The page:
In a time when Indigenous people were seen as less than human and their culture assimilated, many still volunteered to fight for freedom in the Second World War. Due to the Indian Act, these soldiers were denied Canadian citizenship, yet they still served their country with honour.

According to the Veteran Affairs Canada website, more than 3,000 Indigenous people volunteered in the war. 

Winslow Eagle Child’s father, Private Patrick Eagle Child, was one of these veterans. He says that although his family celebrated Remembrance Day, his father didn’t talk about it until he was older.

“I could remember a lot of these veterans, they never shared their war stories. I guess it was quite overwhelming, you know,” said Eagle Child.

Eagle Child’s father enlisted in the war on February 28, 1945 and started training in Calgary. He then travelled to Halifax and then shipped off the England and northern Africa for more training.

Eagle Child’s father and uncle participated in Allied landings on June 6, 1944, a day that is now known as D-Day.

Eagle Child said his father had several close calls, such as a near miss from a German sniper.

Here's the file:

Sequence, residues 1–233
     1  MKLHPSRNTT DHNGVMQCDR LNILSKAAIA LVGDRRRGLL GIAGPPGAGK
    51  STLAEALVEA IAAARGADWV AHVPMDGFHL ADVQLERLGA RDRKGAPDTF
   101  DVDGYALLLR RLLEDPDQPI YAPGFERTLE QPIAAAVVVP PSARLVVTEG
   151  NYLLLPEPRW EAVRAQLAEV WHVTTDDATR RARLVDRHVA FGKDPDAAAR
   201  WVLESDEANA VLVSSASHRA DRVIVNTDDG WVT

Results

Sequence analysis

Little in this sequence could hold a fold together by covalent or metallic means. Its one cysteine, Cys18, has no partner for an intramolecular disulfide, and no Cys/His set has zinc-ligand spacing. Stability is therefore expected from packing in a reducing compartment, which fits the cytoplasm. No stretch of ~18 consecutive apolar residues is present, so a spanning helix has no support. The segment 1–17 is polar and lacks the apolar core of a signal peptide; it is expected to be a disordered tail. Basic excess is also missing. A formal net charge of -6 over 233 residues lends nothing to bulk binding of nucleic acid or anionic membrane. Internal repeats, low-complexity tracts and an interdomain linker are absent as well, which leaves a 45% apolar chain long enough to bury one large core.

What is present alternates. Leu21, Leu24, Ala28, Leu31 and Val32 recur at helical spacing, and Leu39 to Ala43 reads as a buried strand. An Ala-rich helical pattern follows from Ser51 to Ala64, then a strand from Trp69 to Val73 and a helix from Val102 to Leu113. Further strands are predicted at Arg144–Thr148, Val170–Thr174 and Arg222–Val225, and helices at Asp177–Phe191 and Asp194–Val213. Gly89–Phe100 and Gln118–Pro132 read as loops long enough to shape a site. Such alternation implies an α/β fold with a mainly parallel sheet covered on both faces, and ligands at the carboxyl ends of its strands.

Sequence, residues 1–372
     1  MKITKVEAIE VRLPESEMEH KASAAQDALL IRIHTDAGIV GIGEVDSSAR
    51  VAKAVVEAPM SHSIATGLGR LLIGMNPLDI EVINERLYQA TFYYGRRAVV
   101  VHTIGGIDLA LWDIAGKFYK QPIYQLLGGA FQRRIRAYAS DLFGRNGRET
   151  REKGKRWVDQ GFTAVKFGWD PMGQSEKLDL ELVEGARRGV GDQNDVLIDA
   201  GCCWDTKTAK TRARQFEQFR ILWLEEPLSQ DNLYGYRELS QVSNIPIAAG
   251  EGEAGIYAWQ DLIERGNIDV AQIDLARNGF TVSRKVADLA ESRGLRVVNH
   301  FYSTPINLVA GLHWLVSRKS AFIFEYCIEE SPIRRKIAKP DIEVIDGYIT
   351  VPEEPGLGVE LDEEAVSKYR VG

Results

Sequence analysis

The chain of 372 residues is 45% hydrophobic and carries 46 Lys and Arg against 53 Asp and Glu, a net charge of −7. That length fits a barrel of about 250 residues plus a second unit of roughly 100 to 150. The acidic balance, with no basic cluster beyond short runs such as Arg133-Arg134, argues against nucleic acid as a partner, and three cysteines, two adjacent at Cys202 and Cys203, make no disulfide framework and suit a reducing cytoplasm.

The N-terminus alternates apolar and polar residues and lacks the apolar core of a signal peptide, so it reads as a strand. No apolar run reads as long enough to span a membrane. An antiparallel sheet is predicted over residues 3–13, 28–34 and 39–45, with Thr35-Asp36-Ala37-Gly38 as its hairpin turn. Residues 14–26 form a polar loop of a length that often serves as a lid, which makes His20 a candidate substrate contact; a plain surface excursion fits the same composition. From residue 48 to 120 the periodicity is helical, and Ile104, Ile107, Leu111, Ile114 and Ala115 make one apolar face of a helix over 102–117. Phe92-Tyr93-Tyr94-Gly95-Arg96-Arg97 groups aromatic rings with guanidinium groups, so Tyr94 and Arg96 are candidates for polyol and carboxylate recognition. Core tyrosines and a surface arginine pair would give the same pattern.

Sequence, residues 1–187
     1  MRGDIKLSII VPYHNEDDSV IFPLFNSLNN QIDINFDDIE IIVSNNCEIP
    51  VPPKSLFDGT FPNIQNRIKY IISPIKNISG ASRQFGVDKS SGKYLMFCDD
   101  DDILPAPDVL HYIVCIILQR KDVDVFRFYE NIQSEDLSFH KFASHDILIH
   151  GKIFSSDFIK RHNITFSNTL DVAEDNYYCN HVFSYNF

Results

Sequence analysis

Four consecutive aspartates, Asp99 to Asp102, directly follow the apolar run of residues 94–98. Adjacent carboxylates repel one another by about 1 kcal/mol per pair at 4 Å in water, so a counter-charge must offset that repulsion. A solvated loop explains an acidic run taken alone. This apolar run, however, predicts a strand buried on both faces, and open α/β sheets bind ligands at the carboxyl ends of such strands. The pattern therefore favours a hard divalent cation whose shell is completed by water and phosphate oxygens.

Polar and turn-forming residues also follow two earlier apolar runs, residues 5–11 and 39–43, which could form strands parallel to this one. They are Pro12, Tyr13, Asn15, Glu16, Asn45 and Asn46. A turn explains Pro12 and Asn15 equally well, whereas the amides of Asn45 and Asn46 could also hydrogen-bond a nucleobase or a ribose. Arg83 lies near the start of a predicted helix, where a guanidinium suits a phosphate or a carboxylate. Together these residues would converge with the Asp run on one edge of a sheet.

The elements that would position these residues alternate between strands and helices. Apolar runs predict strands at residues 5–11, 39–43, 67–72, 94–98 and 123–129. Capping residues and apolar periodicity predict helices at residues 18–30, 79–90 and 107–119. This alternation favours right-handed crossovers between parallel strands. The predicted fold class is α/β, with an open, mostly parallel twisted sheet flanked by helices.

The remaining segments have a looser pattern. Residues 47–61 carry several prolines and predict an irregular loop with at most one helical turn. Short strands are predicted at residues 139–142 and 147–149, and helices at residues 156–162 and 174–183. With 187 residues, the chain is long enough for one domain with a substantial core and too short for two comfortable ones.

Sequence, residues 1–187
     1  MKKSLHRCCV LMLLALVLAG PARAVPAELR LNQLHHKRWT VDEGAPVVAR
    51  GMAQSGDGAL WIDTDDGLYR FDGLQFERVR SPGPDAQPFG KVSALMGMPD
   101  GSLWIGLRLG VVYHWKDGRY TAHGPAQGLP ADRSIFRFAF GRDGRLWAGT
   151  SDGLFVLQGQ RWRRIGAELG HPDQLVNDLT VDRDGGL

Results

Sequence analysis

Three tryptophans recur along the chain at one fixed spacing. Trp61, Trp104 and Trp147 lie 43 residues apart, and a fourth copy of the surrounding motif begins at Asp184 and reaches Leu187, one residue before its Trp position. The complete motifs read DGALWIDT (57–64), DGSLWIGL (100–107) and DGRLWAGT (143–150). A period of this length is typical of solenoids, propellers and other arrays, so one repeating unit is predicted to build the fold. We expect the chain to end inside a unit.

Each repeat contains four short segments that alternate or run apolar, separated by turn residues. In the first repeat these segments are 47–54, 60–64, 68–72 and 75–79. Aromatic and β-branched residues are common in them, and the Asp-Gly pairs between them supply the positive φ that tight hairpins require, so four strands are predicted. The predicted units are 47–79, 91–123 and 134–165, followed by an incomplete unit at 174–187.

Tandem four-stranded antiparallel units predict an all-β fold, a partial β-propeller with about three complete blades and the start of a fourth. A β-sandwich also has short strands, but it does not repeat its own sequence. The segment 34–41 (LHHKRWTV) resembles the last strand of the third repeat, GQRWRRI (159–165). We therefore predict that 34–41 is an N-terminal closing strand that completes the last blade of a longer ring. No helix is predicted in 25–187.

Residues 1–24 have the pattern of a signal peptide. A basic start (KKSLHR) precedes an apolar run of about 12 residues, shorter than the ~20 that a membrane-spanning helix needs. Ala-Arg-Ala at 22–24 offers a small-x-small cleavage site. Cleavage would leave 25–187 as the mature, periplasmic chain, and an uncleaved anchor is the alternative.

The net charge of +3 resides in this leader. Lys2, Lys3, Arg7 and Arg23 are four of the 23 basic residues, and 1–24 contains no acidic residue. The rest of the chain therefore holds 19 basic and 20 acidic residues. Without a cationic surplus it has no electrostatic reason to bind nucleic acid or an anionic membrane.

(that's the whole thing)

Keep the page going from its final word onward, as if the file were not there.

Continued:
“My father was in a foxhole and he couldn’t find his lighter. He told his buddy and he said ‘just jump in my foxhole’ and when he jumped in this buddy’s foxhole, his unit was shell bombed,” said Eagle Child.

Eagle Child says that his father served even after surviving a residential school, because he was a natural leader and it was his duty as a warrior to fight for freedom. He looks up to his father for what he did for his country.

“For me personally, I feel, of course, a lot of pride and all, but it was very risky,” said Eagle Child.

Eagle Child said his father had a dream while at war that he was polishing medals on a train and he stopped at a yellow house where he heard children laughing and playing saying “tell us about the war.” When his father came home and was able to reflect he realized the dream symbolized him returning home.

“They were warriors then and my dad would say the dreams that they’re that’s part of our ancestors. We had dreams, visions, what’s going to happen in the future,” said Eagle Child.

Private Eagle Child was honourably discharged on March 12, 1946.

Eagle Child says the best way to honour those who sacrificed their lives is to educate ourselves and our children about what happened.

“Be informed. They fought and put their lives on the line, you know, for our for the freedom. Not only November the 11th, it’s every day.”

By , Local Journalism Initiative Reporter

Original Published on Jun 05, 2024 at 15:45

This item reprinted with permission from   Lethbridge Herald    Lethbridge, Alberta
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